Premier Stephen McNeil, who is also Military Relations Minister, paid respects to Nova Scotia soldiers who lost their lives during the Battle of Hong Kong in the Second World War. The premier laid wreaths today, Sept. 7, at the graves of two Nova Scotians buried at Sai Wan War Cemetery and commemorated the honourable service of all Canadians who served in Hong Kong during the war. “The Battle of Hong Kong was one of the first tests faced by our soldiers during the Second World War,” said Premier McNeil. “They met that test with all the courage and determination they could muster. Their willingness to make the ultimate sacrifice in defence of freedom continues to inspire us all.” There are 283 Canadians buried at Sai Wan War Cemetery, including 107 who are unidentified. Premier McNeil honoured the sacrifices of two Nova Scotians buried there who served in the Royal Rifles of Canada. Henry Andrew Surette of Port Bickerton, Guysborough Co., who served as a rifleman, died on Dec. 25, 1941, the day the island fell to the Japanese. Leo Abbey Cormier of Amherst, also a rifleman, perished Oct. 16, 1942, while a prisoner of war. “It is humbling to stand among the graves of these heroes and know that they were prepared to put their lives on the line to preserve freedom,” said Premier McNeil. “They have been called the greatest generation, and there can be no doubt that our world is a safer place because of what they did here in Hong Kong. “Their deaths, while tragic, are part of Canada’s long and distinguished tradition of military service that is carried on today by members of our military and their families.” Premier McNeil also laid a wreath at the memorial to mark 2,000 people who died in an effort to defend the island. Among the names on the memorial are two other Nova Scotians serving with the Royal Rifles of Canada: Rifleman Percy Coleman Atwood of Barrington, Shelburne Co.; and Rifleman William Joseph McGrath of McGrath Cove, Halifax Co. Both died Dec. 23, 1941. Nova Scotia is the only province with a Military Relations Minister, emphasizing the importance of the military to Nova Scotians. The stop is part of a visit to Southeast Asia by Premier McNeil to promote enhanced trade links and investment opportunities in Nova Scotia.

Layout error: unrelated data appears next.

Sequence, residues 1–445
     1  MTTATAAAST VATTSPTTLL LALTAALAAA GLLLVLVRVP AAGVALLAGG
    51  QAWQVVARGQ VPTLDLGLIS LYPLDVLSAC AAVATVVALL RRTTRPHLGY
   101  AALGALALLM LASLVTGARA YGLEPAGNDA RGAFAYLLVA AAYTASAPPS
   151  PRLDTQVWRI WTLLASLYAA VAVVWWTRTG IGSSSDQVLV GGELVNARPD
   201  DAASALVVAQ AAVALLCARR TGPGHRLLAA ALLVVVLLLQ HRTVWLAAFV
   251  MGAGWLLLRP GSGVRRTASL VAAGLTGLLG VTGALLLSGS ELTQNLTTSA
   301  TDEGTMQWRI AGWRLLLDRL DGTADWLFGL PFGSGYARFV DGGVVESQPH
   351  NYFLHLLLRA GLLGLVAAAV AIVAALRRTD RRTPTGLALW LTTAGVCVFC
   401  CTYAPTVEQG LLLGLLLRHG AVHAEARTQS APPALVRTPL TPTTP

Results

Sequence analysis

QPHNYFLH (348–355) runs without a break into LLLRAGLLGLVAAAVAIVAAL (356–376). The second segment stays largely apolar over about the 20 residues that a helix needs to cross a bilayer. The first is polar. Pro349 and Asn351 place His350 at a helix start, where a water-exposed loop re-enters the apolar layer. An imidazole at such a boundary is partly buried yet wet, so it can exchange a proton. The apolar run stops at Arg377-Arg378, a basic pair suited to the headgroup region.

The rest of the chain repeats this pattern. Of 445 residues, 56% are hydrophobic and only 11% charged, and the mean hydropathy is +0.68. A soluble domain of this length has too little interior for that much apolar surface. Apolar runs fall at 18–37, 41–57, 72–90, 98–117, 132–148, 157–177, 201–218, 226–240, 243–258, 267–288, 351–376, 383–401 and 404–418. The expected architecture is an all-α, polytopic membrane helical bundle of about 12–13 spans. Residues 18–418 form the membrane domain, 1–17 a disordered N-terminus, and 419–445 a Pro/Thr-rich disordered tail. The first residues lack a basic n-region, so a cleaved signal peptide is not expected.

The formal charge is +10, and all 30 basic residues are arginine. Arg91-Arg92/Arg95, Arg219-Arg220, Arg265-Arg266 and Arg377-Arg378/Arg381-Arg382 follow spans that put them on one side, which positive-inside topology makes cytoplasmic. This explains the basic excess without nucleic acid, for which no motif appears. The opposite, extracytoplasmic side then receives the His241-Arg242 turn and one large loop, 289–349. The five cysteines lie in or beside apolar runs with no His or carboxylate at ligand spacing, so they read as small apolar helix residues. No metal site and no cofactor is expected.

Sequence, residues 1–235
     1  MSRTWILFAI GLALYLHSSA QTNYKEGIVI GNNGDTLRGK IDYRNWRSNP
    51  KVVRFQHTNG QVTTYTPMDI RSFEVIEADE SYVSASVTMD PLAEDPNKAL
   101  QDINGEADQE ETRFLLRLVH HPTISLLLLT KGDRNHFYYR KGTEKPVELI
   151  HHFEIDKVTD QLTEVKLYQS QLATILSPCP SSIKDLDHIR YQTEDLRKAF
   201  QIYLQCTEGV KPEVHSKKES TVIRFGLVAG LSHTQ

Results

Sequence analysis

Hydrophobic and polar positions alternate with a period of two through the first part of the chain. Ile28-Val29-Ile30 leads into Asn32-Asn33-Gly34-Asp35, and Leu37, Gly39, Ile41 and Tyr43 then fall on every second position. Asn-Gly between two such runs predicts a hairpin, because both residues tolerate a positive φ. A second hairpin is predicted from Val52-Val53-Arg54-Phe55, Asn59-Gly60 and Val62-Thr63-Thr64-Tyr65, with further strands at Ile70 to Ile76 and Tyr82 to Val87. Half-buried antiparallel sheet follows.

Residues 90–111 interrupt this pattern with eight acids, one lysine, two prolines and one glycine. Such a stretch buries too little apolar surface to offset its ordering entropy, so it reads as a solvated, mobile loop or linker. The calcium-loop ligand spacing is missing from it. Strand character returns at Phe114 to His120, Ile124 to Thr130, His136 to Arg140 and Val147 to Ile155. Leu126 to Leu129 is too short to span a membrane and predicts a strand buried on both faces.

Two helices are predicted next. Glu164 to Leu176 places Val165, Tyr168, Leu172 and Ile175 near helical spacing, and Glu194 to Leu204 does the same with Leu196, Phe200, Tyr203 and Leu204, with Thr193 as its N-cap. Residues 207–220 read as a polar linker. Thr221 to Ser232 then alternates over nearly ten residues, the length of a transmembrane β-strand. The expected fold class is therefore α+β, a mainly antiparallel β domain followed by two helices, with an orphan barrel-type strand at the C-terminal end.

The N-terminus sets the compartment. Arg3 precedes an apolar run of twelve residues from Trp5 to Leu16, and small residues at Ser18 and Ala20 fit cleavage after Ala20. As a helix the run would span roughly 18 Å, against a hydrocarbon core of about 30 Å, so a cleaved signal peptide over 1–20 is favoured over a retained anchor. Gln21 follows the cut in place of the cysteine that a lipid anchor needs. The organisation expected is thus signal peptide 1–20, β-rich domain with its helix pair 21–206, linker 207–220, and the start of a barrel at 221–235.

A Canadian pipeline company will no longer work with a controversial U.S. public relations firm on the Energy East proposal after leaked documents raised concerns about suggested tactics.TransCanada has cut ties with the multinational firm Edelman on the campaign to build support for a plan to bring Alberta’s oil sands crude to eastern refineries after it recommended secretly using third parties to attack the pipeline’s opponents.The tactics were contained in documents leaked to the environmental group Greenpeace.“In the current environment, we can’t have the respectful conversation that we want to have with Canadians and Quebecers about Energy East,” TransCanada spokesman Tim Duboyce said Wednesday in a release.“We need to discuss the project on its merits, responding to valid concerns such as how we will protect water and marine life, instead of talking about communications tactics.”The documents outlined what Edelman call a strategy with a “strong heritage in the more aggressive politics and policy fights in the U.S.”Edelman recommended working with proxies to secretly “add layers of difficulties for our opponents,” the documents say. The plan suggested TransCanada conduct research on environmental groups and hand the results over to third parties, who can “put the pressure on, especially when TransCanada can’t.“We will work with third parties and arm them with the information they need to pressure opponents and distract them from their mission.”TransCanada immediately denied it had implemented those tactics, which were widely criticized. Edelman defended its proposal in a statement released Wednesday, the first time it had addressed the issue.“We stand by our strategy,” it said. “It was both ethical and moral, and any suggestion to the contrary is untrue.“Unfortunately, the conversation about our efforts has become so loud in certain areas that it is impossible to have an open and honest conversation about the pipeline project.”TransCanada has its work cut out for it, said Keith Stewart of Greenpeace.“They’re going to face a skeptical public,” he said.“We want to see a different approach, not just a different PR company. How the debate is conducted is always important to the substance of the debate.”TransCanada has acknowledged some of Edelman’s advice is in play. The company will collect publicly available information on its opponents and has started an extensive social media campaign.But spokesman James Millar said TransCanada will also increase its community meetings and public engagement.“You need to get out there and speak to people,” he said. “That’s a good idea on both sides.” Millar said TransCanada signed up 1,500 supporters on its social media website last week after news broke about Edelman’s suggestions.“It’s not the old world that a lot of people are used to. There’s a new way of doing business and that means engaging with people on their own turf and on their own terms and we need to focus on that.”Edelman, in its documents, proposed a campaign directed at opposition groups like the Council of Canadians and the David Suzuki Foundation, as well as a small community group in Ottawa that usually fights for more bike lanes and park enhancements.Ben Powless, an anti-pipeline campaigner at Ecology Ottawa, said he was somewhat surprised that Edelman, the largest independent public relations firm based on revenues, would be concerned about his small group’s influence. Ecology Ottawa has about nine paid employees and mainly relies on volunteers who tend to be students and retirees.“To me, it’s a smear campaign really trying to shut down the voices of local people who have legitimate concerns,” Powless said.With files from The New York Times News Service